What began in Canada in 1882 with about 30 members has since grown to become Canada’s largest non-governmental direct provider of social services.
In June 2012 The Salvation Army in Canada celebrates 130 years of giving hope and support to vulnerable people at their greatest point of need.
From the beginning, the Army in Canada adopted founder William Booth’s concept of “soup, soap and salvation”, which was to feed the poor, love the unloved and meet human needs in the name of Jesus.
This model took hold across the country and developed into social-service programs that included prison ministries, children’s shelters, hospitals, seniors’ residences, and salvage work, now called recycling, which lead to the Army’s well-known Thrift Stores.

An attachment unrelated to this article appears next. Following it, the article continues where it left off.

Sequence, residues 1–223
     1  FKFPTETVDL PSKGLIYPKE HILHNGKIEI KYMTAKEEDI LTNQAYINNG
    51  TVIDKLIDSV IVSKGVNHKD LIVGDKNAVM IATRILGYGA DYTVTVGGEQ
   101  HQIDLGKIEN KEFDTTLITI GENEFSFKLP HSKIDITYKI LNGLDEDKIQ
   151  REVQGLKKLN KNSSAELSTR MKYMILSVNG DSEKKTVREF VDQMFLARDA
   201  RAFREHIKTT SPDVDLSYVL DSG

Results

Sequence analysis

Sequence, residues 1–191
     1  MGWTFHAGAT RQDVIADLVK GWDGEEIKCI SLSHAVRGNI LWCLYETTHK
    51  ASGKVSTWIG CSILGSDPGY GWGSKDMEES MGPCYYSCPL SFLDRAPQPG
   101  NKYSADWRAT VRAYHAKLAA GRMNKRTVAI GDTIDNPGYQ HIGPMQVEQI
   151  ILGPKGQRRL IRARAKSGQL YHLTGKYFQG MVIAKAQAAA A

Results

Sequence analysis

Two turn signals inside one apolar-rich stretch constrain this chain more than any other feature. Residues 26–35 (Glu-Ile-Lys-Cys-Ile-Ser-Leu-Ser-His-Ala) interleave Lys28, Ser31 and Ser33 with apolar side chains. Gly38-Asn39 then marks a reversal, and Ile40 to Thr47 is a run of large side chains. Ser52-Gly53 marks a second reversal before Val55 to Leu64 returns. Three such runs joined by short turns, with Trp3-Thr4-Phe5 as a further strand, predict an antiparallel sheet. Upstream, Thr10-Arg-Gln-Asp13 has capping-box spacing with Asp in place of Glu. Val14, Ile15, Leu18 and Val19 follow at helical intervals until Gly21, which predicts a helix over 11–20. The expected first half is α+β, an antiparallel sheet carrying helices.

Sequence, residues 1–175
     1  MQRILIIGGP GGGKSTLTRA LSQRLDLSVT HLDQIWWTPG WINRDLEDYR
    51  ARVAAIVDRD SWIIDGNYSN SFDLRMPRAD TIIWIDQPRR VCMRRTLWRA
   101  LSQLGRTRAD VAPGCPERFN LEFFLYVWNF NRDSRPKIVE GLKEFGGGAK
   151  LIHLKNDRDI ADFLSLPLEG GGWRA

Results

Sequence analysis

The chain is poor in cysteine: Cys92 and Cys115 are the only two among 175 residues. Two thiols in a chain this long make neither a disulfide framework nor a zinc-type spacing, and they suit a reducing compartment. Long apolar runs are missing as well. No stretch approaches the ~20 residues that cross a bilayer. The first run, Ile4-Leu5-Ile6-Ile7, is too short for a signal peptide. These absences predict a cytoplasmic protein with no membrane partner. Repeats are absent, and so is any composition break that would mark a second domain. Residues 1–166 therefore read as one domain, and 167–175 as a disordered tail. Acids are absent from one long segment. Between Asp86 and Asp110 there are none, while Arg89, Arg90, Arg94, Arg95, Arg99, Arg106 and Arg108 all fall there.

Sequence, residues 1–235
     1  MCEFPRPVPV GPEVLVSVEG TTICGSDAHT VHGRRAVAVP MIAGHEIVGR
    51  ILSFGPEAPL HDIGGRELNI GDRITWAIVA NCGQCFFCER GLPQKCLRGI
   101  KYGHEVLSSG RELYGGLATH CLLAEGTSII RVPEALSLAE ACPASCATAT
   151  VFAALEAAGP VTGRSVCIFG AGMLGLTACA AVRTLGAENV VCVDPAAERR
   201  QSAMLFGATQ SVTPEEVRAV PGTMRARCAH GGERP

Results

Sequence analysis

While poverty remains a critical issue in the 21st century, it brings about new challenges. The Army’s innovative and unique social service programs such as community kitchens, skills training and restorative programs for seniors are keeping its work relevant and give strong indication that Salvation Army services will be required for years to come.
Click here for the full press release.